Do They Have Telephones Up in Heaven?
by R. R. Pravin

"To the children who are fighting every day for a better tomorrow
I hope you know we are all right here by your side
fighting alongside you hoping for a better tomorrow."

This book begins with a forward, a “Letter to Readers,” and then is followed by 36 poems and one song related to children on a pediatric oncology and complex care unit where the author was a resident. He has an extensive history of working with children and their families, and having lost his own father when he was 15, relates to these children who are sick and dying. The poems, as well as a song he wrote to raise funds for a charity, are indicative of the type of caring work he has provided over the years.

Each poem is followed by a section entitled “Inspiration,” which offers insight into the meaning of each work. Some of the inspirations honor a specific child or family while others offer a broader look at grief. While the themes are varied—such as nature and flowers, God, parents and families, togetherness, heaven, cathedrals, and time—they all relate to life and living and death and dying. Some of the most beautiful lines include: “Do they have telephones up in heaven/ Where I can make a long distance call”; “I remember running with you/ In fields of purple flowers”; and “Hope we meet/ One day/ Where the sun/ Meets the sea.” Other poems include the jolting, sad reality of the physical pain: “Cry myself to sleep/ Till the pain is gone/ Or at least till the morphine kicks in.” There is also a poem titled with the words which when heard on the intercom bring fear to everyone: “Code Blue.”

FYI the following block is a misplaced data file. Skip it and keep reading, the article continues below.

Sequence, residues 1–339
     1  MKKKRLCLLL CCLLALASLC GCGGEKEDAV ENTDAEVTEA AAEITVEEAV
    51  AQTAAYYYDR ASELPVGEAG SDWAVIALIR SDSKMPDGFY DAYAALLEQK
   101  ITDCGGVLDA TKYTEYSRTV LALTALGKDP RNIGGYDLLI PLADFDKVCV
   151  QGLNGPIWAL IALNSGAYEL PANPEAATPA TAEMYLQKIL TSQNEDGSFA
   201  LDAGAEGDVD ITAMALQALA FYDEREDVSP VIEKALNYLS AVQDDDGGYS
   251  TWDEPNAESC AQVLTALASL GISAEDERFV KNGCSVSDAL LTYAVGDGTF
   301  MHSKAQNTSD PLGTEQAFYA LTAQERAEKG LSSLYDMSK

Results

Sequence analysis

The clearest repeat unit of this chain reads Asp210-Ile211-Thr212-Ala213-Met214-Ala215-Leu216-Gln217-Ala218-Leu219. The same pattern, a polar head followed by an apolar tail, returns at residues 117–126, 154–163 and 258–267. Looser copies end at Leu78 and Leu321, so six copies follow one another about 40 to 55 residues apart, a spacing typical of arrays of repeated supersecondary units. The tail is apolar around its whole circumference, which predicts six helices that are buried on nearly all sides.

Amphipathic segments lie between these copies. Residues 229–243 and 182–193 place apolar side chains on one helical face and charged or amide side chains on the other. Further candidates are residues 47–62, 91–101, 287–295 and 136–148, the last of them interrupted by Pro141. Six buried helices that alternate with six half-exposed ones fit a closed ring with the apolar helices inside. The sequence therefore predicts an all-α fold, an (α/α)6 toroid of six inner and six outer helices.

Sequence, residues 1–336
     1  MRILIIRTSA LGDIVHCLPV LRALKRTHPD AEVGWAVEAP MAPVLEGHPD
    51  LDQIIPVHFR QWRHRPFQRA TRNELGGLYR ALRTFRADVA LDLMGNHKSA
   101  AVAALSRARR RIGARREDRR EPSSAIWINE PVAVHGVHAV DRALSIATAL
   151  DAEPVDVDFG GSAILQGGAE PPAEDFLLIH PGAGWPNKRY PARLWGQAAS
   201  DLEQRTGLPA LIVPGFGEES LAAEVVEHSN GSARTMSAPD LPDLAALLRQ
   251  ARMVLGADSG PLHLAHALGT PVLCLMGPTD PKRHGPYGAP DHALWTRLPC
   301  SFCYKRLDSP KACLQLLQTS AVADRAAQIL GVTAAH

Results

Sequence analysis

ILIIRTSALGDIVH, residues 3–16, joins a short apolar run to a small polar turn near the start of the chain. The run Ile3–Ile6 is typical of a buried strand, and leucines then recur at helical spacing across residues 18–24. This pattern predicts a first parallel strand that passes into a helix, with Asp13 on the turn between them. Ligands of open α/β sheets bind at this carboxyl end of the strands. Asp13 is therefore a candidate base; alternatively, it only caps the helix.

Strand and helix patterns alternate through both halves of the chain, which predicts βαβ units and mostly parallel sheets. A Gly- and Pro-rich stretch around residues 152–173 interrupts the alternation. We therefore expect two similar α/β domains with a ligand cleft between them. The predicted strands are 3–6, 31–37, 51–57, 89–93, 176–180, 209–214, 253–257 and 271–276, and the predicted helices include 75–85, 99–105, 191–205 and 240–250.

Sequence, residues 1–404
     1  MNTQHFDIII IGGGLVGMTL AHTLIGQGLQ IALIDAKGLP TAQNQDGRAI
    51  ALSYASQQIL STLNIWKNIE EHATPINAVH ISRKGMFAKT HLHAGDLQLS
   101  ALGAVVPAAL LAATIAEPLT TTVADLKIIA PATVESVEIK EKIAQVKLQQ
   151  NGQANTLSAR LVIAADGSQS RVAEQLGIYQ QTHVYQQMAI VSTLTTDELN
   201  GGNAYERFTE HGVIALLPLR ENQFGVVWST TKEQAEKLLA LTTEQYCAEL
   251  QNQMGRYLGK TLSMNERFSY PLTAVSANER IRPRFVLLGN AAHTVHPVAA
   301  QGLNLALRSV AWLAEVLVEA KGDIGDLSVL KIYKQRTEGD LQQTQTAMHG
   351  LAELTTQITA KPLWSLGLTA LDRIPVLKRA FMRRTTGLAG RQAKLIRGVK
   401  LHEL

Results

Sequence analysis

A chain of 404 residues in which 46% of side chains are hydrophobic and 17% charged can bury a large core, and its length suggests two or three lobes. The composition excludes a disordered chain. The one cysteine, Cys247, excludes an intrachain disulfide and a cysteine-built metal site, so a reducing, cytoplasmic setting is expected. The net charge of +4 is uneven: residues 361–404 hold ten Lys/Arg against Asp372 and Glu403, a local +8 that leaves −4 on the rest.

The author is able to write from the standpoint of the young patients, the children as spirits who have passed, their family members, and other loved ones, as well as his own process. One powerful letter regarding sadness was actually written by a child as an assignment, and the doctor responds with his own letter. A poem about the “colours coming back from my grey world” is a beautiful look at remission, and a poem about a young woman whose fiancé abandoned her is a teary look at ongoing losses, not just the loss regarding the illness. He is able to capture the horror of how unfair it is for children to have to go through cancer and the treatments.

Because of the intense feelings that may be evoked by this passionate and compassionate work, readers may find themselves delving into their own sorrows and losses, of healing and of death, and of hope and transcendence. This is not a work to be read quickly; it is to be perused slowly and digested over time so that the reader can immerse into the grief and healing that can come from such sorrow. While it is written about the specific losses of children with cancer, the depth of the pain can be felt by anyone reading this work—no matter if they are grieving for their own losses or just reading because of wanting to connect with the in-depth poems of love and loss. The only concerns regarding his writing are about the focus on the outdated five stages of grief and a few editing errors. Otherwise, be prepared to be touched by this work.

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